Wednesday, April 25, 2012

A great team

The other day I caught up with some of my old team and some old colleagues. I was pleasantly surprised how many times I was told that they missed me. Not just to be nice, but they genuinely seemed to indicate that they felt that things ran better when I was there. Not only operationally but also with respect to the team atmosphere.

Yes, I am proud what I was able to achieve with the team over the years. Of course this was not just my own doing and I must say that the CTO that I worked with for a long period of that time was crucial to this as well. We both worked well as a team which had its reflection in the whole IT team.

There are many theories of how to create highly effective teams and without really aiming at it or even being aware of all the theories, we executed accordingly. But one of the key elements of the success was to look at the strengths and interests of the individual and adjust the processes and procedures to this.

By nature I like formal rules and procedures, but as being a real Dutch person, I also easily move away from them when it suits me better. When I started in my previous job, there was much of the traditional chaos and lack of formal procedures. Over the years we implemented the formal procedures according to the best practices and though some team members changed over the years, we can say we went through a cycle of storming, norming, forming and performing. A process that took years. The norming phase is for example the period that you implement ITIL. You start enthusiastically and implement the rules. But it takes a while before you have found the right modifications and adjustments to suits your situation.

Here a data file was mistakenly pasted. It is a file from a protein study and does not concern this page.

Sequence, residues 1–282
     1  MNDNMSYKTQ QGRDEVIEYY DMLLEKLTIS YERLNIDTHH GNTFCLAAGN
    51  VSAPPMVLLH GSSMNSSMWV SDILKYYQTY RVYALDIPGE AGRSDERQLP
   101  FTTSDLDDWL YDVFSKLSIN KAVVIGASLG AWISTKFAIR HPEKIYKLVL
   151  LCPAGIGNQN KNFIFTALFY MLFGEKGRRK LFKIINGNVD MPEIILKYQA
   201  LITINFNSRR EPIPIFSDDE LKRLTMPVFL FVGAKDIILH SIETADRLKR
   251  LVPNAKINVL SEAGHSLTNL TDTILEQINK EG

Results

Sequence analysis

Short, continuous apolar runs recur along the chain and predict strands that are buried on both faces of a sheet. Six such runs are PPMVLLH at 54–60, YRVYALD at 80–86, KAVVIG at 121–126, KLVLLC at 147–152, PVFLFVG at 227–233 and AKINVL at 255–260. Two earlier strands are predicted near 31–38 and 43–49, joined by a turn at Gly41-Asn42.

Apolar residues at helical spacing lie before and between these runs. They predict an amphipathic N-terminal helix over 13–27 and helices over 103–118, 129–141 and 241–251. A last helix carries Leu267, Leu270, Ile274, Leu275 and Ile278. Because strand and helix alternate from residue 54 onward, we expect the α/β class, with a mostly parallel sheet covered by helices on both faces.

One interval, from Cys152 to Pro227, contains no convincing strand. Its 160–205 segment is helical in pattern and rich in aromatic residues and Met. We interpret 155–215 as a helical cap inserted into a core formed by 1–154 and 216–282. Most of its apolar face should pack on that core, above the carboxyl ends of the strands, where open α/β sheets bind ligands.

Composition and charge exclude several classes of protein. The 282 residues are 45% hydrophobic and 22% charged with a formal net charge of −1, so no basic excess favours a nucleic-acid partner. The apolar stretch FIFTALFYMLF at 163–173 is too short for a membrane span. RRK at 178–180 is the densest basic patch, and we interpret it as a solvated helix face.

When you perform as a team, you need less rules because people are attuned and have made certain processes second nature and have filled in the gaps and figured out how to work with specific individuals that will lead to the best results. You have learned not to push the square peg through the round hole but first to mould it so it fits better. Procedures and methodologies sometimes just seem to do that: pushing the square peg through the round hole.

If you then bring more formalities into the team, this can actually be counter productive. Besides the fact that a team always consists of a variety of personalities, I think I was able to find the right way to assure to keep those personalities in balance. Not strange of course, considering that I was able to pick most of the people in the team and that over the years natural selection took place of people that were able to work together.

In the end it is not you as manager who deserves the credits, but the whole team. So I thank you all for a great time and great achievements.



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